For the Week Ending June 24, 2016

June 24, 2016


USDA has proposed new animal welfare standards for the National Organic Program that, if enacted, would be the first time such standards are codified in federal law and would present serious challenges to livestock producers, according to NPPC, which opposes the new standards There are a number of problems with the proposed new organic animal welfare rules, NPPC points out, including:

  • Animal welfare is not germane to the concept of “organic.”
    • Organic has pertained to foods produced without synthetic pesticides, antibiotics, synthetic fertilizers, genetically modified organisms or growth hormones.
    • The Organic Food Production Act of 1990 limited its coverage of livestock to feeding and medication practices.
    • While the Agriculture Secretary can consider additional provisions, they must be within the scope of the 1990 act.
    • Some of the proposed standards, such as requiring outdoor access and, for pigs, allowing for rooting behavior, conflict with other tenants of organic production such as environmental stewardship.
    • Consumer confusion about the meaning of “organic” should not drive rulemaking; consumer education campaigns should address any confusion.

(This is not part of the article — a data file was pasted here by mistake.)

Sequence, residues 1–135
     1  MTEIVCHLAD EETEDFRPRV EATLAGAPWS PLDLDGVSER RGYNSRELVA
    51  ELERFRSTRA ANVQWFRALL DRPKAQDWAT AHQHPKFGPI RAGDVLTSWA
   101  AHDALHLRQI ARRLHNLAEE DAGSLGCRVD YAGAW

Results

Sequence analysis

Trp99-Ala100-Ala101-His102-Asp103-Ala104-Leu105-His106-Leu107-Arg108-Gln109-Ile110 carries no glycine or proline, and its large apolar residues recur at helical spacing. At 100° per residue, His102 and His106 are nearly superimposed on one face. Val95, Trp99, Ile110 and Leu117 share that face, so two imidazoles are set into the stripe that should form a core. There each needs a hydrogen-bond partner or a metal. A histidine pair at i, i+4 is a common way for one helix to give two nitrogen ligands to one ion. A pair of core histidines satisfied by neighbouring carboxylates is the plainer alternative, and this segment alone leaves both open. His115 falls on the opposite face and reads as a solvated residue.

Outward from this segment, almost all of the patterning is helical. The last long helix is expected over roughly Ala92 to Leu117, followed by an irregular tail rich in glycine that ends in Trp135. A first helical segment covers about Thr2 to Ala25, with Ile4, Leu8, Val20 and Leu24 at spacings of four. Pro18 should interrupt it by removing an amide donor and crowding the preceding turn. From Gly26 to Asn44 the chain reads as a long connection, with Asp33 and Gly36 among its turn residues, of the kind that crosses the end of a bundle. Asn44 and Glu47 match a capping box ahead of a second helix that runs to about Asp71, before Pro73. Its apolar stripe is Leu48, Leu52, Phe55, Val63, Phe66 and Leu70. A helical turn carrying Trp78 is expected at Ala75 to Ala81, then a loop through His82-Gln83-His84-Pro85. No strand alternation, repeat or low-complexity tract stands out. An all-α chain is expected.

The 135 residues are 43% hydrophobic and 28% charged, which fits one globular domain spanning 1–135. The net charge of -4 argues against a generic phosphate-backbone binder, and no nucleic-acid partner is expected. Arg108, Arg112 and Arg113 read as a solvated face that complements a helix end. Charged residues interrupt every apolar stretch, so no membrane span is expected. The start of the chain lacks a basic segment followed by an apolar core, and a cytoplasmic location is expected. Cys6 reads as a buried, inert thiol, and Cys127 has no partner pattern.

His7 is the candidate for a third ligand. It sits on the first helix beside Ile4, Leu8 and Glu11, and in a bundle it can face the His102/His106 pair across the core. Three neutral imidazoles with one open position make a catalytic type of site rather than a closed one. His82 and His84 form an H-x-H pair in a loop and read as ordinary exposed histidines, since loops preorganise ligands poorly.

• Animal welfare is important to all producers and is not exclusive to organic production.
  • New standards add complexity, create barriers to existing and new organic producers.
    • Current organic producers have designed their enterprises around existing organic standards. The new requirements may make it cost prohibitive to retrofit operations to come into compliance.
    • The proposed standards, many of which run counter to best management practices used to protect animal health and the environment, could be a barrier to new producers entering organic production.
    • The standards would increase the cost of organic livestock products without making them more “organic.”
    • Rather than expanding organic livestock production, the standards could reduce the number of organic producers.
  • Animal welfare is complex and needs to be science-based.
    • The proposed standards are rigid, inflexible and not science-based; they will not allow organic producers the flexibility to respond to new housing and handling systems that may be developed to enhance animal welfare.
    • The standards are based on public perception of what is good animal welfare and do not reflect a consensus by experts in animal welfare and handling.
    • Producers need flexibility to make animal welfare decisions based on the needs and challenges of their particular animals, facilities and customer preferences. A one-size-fits-all approach eliminates that flexibility.
  • Standards should be outcome-based; there is not yet an international standard for pigs.
    • Livestock industry and other animal welfare programs are available and suitable for use by organic producers.